1 Kings 3:5
"God said, 'Ask what I shall give you.'"
If God were to say to you "Ask for whatever you want me to give you," what request would you make?
Interestingly, Jesus says something very similar in chapters 14, 15 and 16 of the Gospel of John. In this upper room discourse, Jesus is speaking to the eleven, Judas had left, but these statements are also directed at all believers. In John 17:20 Jesus prays, "I do not ask for these only, but also for those who will believe in me through their word."
In John 14:13-14, Jesus says twice "whatever you ask in my name I will do." My "old man" would think "Cool, Jesus just promised me anything I asked!" But I know that Jesus is speaking in the context of obedience. Because in verse 12, He says, "Whoever believes in me will also do the works that I do" and in verse 15, He says, "If you love me, you will keep my commands." This promise of Jesus is bracketed by statements requiring my obedience.
In John 15:16, Jesus says, "Whatever you ask the Father in my name, he may give it to you." Wow, same promise! In this instance, Jesus is referring to those He chose and the purpose for which He chose them. Those whom Jesus chooses are to "bear fruit and that your fruit abides." So the things I ask of the Father which helps me be fruitful, He will gladly give. Because, according to John 15:8, "By this my Father is glorified, that you bear much fruit and so prove to be my disciples."
In John 16:23-26, Jesus, speaking to the eleven about their short-lived sorrow at His death, followed by a joy that cannot be taken from them, again addresses His and the Father's willingness to give them what they ask. "Truly, truly, I say to you, whatever you ask of the Father in my name, he will give it to you. Until now you have asked nothing in my name. Ask, and you will receive, that your joy may be full."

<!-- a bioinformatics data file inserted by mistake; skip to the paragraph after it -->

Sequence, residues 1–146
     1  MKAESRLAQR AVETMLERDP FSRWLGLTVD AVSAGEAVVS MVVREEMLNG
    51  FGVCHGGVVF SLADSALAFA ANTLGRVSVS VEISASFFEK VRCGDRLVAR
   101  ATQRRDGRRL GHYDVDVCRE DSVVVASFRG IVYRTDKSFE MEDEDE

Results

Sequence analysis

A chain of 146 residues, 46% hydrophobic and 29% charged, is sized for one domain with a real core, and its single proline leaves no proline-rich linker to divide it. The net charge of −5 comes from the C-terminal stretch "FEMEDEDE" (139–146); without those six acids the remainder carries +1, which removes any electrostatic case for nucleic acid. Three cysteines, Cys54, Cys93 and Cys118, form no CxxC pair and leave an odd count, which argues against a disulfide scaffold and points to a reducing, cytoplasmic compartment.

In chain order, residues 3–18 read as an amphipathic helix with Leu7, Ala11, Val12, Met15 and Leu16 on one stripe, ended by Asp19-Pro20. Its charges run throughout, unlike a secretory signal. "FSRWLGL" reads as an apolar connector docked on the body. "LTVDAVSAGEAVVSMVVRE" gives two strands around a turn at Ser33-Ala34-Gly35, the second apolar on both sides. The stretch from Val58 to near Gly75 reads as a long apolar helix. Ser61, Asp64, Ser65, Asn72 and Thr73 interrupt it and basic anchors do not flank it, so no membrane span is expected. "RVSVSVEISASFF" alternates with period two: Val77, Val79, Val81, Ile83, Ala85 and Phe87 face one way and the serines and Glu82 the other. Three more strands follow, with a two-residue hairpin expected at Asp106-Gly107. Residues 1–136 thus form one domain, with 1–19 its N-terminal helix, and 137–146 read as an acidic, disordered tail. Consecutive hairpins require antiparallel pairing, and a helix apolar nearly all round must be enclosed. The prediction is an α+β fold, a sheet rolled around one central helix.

So the offer God made to Solomon extends in "kingdom ways" to you. For what will you ask?
From 1 Kings 3:5, we discussed what we would ask of God for ourselves. In these verses, we will learn what the Apostle Paul thought worthy of asking for us.
Following the most profound statement of what it means to be a saint (one who is faithful to Christ Jesus), Paul prays for those who are saints. In verse 16, Paul says he does not stop giving thanks for the saints and always remembers them in his prayers.
Notice to whom he prays, "God of our Lord Jesus Christ, the Father of glory." The first thing Paul asks for you is spiritual wisdom and insight so you will mature in your knowledge of the God to whom he directs his prayer. Paul, also, prays for you to be enlightened to understand the confident hope you have because God has called you and blessed you as His inheritance. Lastly, he asks that you might understand the great power currently at work in you. This same power, which is at work in you, raised Jesus from the dead and seated Him in honor at the Father's right hand.
Doesn't it seem that prayer would lead to joyful obedience as we bear lasting fruit for the glory of such a great God?
Lord God, glorious Father of our Lord Jesus Christ, we desire to glorify You and obey Your Son, who is our Lord, King, and Savior. Holy Spirit, thank You for recording prayers like Paul's. Please teach us to pray for kingdom qualities rather than earthy trinkets.